Controlling Contrast

Article by Ben Fewtrell

Controlling your contrast is not just for HDR, you will want to control contrast on any image. Adding contrast will help you to create depth in your image. Before we look at how to do this, what is contrast and what happens to your pixels to
create contrast in a digital image?

The word ‘Contrast’ is used to describe the difference between two ends of a spectrum, it could be the difference between political views, the difference in a person’s behavior or even a change in the weather. When used in photography contrast is referring to the difference in luminance, that is, the difference between light and dark. In an image, the lightest light is pure white, and the darkest dark is pure black. Contrast is therefore referring to the difference between the whites and the blacks. Every image is essentially a black and white image, or, in the case of a photograph, it is more a ‘greyscale’ image than one of pure black and white.

So you can see what I mean, open up an image in Photoshop party bouncy castle then select the channels Tab (if you can’t see channels goto WINDOW and select CHANNEL). Here you will see your RGB composite of your image, click on just one of the colors (Red, Green or Blue) and you will soon learn that there is no RED in the RED channel, no GREEN in the GREEN channel and certainly no BLUE in the BLUE channel… Just a mix of black and white to create different shades of GREY. Weird isn’t it? well, it is these three channels that work together to create your colorful image in RGB.

When you adjust contrast you are adjusting the contrast ratio between all of these ‘grey’ pixels. Contrast ratio is normally referred to
in a percentage with the maximum amount of contrast is 100%. A black and white checkerboard is an example of 100% contrast as there is only pure white and pure black.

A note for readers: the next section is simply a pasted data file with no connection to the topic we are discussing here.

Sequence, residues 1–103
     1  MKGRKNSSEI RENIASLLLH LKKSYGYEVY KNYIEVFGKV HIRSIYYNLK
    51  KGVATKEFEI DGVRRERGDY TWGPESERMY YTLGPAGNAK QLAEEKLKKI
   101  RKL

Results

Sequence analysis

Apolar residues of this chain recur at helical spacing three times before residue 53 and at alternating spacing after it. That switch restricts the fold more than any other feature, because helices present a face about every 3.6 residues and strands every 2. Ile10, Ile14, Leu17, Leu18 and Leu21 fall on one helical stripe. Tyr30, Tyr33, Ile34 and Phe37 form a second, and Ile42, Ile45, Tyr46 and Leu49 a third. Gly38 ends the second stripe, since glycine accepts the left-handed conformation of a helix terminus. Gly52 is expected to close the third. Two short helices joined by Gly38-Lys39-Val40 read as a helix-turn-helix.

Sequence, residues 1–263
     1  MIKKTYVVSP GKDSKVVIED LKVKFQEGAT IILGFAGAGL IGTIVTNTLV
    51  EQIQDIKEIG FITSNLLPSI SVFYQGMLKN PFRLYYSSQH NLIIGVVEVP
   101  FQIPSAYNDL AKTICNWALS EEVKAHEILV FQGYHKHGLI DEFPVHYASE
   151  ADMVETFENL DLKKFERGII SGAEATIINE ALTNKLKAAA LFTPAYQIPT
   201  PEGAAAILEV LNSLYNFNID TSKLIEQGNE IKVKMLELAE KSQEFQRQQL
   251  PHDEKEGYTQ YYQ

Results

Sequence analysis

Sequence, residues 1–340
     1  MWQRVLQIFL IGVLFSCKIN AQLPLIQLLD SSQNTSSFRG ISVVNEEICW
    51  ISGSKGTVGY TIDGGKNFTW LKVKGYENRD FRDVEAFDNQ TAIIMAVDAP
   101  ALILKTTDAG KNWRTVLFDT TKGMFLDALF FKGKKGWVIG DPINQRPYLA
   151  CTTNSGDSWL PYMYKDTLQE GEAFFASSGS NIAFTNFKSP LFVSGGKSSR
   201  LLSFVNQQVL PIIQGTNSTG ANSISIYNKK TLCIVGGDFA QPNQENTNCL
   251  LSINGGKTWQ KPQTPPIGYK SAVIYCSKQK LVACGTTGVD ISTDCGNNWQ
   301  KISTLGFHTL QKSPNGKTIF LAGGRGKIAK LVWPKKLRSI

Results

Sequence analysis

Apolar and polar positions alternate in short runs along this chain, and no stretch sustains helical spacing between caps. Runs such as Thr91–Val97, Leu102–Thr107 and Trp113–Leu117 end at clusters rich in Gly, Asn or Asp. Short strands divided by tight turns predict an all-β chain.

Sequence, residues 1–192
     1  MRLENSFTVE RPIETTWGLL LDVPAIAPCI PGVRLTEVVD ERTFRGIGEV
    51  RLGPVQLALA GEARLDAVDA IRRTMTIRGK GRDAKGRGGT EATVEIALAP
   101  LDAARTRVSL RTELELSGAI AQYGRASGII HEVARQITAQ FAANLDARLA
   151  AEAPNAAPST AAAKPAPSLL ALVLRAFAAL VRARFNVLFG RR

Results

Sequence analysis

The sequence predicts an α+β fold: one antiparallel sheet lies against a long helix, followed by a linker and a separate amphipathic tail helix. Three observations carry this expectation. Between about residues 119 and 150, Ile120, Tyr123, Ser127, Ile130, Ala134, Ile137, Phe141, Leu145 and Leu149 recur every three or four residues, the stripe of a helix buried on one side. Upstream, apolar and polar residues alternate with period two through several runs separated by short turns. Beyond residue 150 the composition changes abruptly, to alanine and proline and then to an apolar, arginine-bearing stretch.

In essence, increasing contrast will make blacks darker and whites lighter. Open an image on your favorite editing program and increase contrast to full (Usually +100). You will notice that the shadows in your image will become too dark and whites too bright, go the other way to -100 and the opposite will happen, you will have an image with much more even lighting throughout but it will have a cloudy look to it, and this is because the difference between the blacks and whites is much less.

Adding contrast usually adds “pop” and makes an image look more vibrant while decreasing contrast can make an image look duller or flatter.

So what is the best way to add contrast to your images? There are several ways ands sometimes I will use all of them. Each technique will give different results, so give them all a go.

1. Use the contrast slider in your photo editing program (Photoshop, Lightroom, Aperture etc.) They all have a contrast adjustment slider.

2.Use Photoshop Channels – In the channels view just select one channel and make adjustments to the contrast in the ADJUSTMENTS menu. I often use this if I just want to add contrast to certain colors in my image, adding contrast to the RED channel will increase the contrast in colors
containing red.

3. Using Curves – I can use curves in Channels or on my overall image, giving me some really accurate control over contrast throughout my image. By manipulating the curve so the darks are darker and the lights are lighter you will achieve a higher contrast ratio.

4.My favorite… Create an ‘overlay’ layer. You need 2 layers to do this in Photoshop, so if you have just one, press CTRL J (CMD J on a Mac) and  that will create a layer copy. then do this… you’ll love it!

a.Press Ctrl-Alt-Shift-E or CMD-Option-Shift-E on a Mac (It´s the command to take all of your layers and make a merged copy on top of them)

b.Now select the new ‘merged layer’ and change the blending mode to ‘Overlay’. You will immediately notice your image will have high contrast.

c. Now change the opacity to suit. I usually end up around 10% to 15% Opacity as a general rule, sometimes more, sometimes less.
There you have it… now go and add some depth to your images!

Ben Fewtrell is based in Sydney, Australia and has been a keen photographer since the 1990’s. He fell in love with HDR in early 2012 and now processes 95% of his images this way. His main interest is landscape photography and most mornings you will find Ben with his Nikon D800 on the coast of Sydney waiting for the sun to rise… you can find him at or follow his blog

Ben also has a free HDR ebook available: